You will have undoubtably read many ‘future of learning’ articles that predict the means and mechanisms for learning, extrapolating peripheral technologies that are entering the vernacular of L&D, but this article is different. This isn’t a crass oversimplification of technologies but a means of extending L&D’s expectation of technology and how it could serve us in the not-so-distant future.
I’m often frustrated when I read that gamification, chatbots, AR and VR are the future of L&D when they’re simply not. They are the present and are being used to varying levels of success and we – as well as more of our colleagues – may adopt them soon enough.
We seem to drool over these things like they will transform our offering by increasing engagement in our stuff exponentially, when the best they are likely to do is make our online stuff less crappy whilst we never really seek to understand what our people really want – and need.
What’s Tomorrow’s World?
Humans are pretty rubbish at imagining a future too dissimilar to what we’re currently experiencing.
In the late 1980s, I remember seeing video call technology being presented on a primetime UK TV show called Tomorrow’s World and it blew my mind! Imagine seeing somebody while you were talking with them…!?
Around the same time, I also used to dream about having a portable TV that I could watch at school.
I was a huge music fan when I was younger and spent vast amounts of time in record shops, only ever imagining what most of those records sounded like because I never thought I’d be able to afford to buy them…
And I’ve always had a strong nostalgic streak, so in my 20s, I collected VHS videos of TV shows I remembered as a child as a way of unlocking dormant emotional associations I had for them. I didn’t collect many but I got to watch Bagpuss, Chorlton and the Wheelies (below), and Bod again.
At each of these stages in my history, I could never have imagined having one device in my pocket that gave me instant access to all of this – and more! From the late 1970s until the mid-90s, technologies advanced but at a rate at which each advancement was just a slightly more refined version of what had existed before. LPs to CDs. VHS to DVDs. Black and white TV (yes we had a black and white TV until 1979) to colour. But then… constant connectivity and ubiquitous access to the world’s information, media and people changed everything beyond anything I could have possibly imagined.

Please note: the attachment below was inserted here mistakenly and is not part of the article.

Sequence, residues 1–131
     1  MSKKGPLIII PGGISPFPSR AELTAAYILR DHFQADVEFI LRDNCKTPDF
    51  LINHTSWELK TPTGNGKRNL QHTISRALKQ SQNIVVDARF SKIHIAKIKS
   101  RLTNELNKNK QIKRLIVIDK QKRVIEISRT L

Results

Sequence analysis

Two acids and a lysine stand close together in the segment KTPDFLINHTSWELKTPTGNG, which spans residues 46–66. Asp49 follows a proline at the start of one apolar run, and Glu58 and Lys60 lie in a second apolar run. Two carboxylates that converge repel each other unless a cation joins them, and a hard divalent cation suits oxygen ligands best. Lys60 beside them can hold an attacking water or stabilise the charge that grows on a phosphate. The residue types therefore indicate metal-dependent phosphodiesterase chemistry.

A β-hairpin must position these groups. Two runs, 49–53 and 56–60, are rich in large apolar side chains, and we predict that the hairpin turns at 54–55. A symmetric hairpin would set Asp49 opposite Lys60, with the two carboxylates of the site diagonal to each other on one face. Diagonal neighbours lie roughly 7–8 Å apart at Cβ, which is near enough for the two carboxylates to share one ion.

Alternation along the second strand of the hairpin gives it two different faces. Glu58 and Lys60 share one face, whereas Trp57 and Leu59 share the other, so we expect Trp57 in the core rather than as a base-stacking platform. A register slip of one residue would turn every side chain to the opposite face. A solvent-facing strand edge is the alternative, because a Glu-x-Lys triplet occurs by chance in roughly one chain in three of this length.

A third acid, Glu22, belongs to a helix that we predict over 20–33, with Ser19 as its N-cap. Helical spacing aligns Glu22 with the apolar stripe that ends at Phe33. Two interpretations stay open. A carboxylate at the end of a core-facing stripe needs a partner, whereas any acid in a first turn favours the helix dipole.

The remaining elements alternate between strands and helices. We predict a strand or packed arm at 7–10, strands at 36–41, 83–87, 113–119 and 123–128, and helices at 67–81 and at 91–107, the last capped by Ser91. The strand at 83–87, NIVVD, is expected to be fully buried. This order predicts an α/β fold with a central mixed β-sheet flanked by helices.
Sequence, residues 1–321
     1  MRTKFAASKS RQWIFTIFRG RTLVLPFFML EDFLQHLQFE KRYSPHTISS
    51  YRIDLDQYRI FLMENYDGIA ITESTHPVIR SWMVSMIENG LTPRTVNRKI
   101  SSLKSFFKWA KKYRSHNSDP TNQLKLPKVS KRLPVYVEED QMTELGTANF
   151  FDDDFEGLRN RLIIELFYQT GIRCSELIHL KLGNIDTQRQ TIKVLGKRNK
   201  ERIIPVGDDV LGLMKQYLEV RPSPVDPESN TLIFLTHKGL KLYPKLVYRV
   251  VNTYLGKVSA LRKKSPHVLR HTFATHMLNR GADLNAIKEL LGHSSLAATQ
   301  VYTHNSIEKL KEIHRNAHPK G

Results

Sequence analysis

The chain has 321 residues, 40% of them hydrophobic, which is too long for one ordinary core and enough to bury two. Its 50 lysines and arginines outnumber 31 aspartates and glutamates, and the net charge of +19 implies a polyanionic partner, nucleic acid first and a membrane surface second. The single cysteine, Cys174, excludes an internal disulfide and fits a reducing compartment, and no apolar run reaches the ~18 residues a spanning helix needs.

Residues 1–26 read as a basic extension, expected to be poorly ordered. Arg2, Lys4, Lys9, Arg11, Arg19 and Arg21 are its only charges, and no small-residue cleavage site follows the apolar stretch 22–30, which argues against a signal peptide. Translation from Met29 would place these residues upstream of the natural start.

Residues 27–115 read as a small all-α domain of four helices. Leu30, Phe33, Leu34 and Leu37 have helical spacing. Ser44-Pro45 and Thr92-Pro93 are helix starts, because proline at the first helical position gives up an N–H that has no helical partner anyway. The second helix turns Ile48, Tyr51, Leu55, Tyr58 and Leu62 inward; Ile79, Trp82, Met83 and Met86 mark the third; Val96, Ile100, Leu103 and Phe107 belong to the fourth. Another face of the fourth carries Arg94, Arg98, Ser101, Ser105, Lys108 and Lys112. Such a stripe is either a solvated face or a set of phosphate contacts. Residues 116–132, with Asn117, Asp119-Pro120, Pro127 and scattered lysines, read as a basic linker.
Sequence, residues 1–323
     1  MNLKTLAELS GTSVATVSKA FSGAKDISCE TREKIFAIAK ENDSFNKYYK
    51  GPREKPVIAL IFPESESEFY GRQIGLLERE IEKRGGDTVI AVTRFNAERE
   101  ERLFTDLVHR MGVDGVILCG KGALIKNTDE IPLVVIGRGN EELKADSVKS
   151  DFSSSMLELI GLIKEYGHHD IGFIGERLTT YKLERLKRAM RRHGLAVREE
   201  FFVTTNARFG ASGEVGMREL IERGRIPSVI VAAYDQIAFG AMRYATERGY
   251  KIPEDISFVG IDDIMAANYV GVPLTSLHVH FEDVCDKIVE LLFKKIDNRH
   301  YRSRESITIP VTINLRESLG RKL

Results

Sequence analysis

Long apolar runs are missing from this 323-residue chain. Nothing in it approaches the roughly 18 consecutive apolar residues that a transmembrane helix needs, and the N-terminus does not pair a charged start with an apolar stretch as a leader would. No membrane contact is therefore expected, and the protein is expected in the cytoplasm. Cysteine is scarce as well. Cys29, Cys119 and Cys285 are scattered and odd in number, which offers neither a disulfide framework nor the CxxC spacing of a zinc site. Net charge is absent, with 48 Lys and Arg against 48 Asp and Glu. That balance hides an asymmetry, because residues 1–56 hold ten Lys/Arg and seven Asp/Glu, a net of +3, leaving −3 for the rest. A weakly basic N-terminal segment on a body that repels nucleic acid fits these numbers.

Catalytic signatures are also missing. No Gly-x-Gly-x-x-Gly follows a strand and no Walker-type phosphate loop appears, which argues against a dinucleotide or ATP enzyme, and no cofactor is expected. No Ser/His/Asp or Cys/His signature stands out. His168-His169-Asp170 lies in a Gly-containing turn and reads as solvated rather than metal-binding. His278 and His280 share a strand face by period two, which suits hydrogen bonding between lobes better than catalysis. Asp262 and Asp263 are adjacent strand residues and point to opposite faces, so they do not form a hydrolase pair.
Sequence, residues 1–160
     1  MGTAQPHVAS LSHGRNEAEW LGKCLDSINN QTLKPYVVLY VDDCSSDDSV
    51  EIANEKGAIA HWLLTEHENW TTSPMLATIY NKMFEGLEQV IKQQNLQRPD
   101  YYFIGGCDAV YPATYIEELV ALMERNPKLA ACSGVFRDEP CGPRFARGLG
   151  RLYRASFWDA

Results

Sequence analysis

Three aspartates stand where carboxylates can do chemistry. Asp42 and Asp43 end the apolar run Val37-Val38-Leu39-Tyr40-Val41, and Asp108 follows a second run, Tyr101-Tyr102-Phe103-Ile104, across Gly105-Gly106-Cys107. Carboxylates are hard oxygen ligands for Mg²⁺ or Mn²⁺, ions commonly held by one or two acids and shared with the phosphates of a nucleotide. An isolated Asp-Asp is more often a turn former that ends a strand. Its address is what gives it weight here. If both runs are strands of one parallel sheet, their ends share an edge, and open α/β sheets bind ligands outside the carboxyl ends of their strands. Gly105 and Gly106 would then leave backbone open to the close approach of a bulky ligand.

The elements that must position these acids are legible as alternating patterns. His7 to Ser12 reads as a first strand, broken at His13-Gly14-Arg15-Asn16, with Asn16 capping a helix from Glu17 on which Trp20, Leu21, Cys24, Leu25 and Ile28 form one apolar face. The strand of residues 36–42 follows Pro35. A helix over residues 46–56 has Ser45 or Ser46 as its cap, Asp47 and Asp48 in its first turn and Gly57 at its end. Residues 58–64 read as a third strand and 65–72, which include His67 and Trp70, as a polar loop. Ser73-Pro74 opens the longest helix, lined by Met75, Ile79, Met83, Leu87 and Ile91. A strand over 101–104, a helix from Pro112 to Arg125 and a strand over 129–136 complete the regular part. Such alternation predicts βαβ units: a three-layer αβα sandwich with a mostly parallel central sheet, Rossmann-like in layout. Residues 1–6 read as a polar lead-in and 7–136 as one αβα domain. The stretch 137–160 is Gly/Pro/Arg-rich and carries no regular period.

So, What Does This Teach Us About The Future?
Well, what it’s taught me is that I limit my imagination of the possible – and probable futures – if all I can imagine is a slightly more refined version of now…
Back To The Future Of L&D: How Are We Now Limiting Our Own Advancement?
In my opinion, we’re limiting ourselves in the same way I’ve described:
- We have a platform, so future platforms will be better…
- We have e-learning, so future e-learning will be more engaging…
- New immersive technologies are coming, and these will make my courses better…
No, no, no! I don’t believe that L&D will become a slightly better version of now.
To understand – and shape L&D’s future – we first need to suspend the conditions that will limit our thinking. For me, the conditions that need challenging include:
- L&D is somewhere people go – in real life or online; and
- People are interested in our ‘L&D offering’;
In the not too distant future (and I’m not the first to say this) L&D will be largely invisible as we disintermediate the development experience, connecting people with what they really need (i.e. contextually relevant information, know-how, and insights for specific organisations and roles), when and how they need them in service of their work and careers.